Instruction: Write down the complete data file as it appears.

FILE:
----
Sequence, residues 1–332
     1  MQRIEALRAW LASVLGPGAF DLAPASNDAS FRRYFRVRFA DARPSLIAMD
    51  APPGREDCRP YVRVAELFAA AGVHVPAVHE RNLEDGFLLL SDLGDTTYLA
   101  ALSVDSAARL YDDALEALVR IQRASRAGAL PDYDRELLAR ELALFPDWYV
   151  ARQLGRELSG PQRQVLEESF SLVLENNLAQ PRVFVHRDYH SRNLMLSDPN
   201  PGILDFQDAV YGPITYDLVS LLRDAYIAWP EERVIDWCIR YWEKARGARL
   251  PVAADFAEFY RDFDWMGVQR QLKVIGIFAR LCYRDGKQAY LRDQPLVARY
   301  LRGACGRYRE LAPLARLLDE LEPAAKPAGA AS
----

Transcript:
Sequence, residues 1–332
     1  MQRIEALRAW LASVLGPGAF DLAPASNDAS FRRYFRVRFA DARPSLIAMD
    51  APPGREDCRP YVRVAELFAA AGVHVPAVHE RNLEDGFLLL SDLGDTTYLA
   101  ALSVDSAARL YDDALEALVR IQRASRAGAL PDYDRELLAR ELALFPDWYV
   151  ARQLGRELSG PQRQVLEESF SLVLENNLAQ PRVFVHRDYH SRNLMLSDPN
   201  PGILDFQDAV YGPITYDLVS LLRDAYIAWP EERVIDWCIR YWEKARGARL
   251  PVAADFAEFY RDFDWMGVQR QLKVIGIFAR LCYRDGKQAY LRDQPLVARY
   301  LRGACGRYRE LAPLARLLDE LEPAAKPAGA AS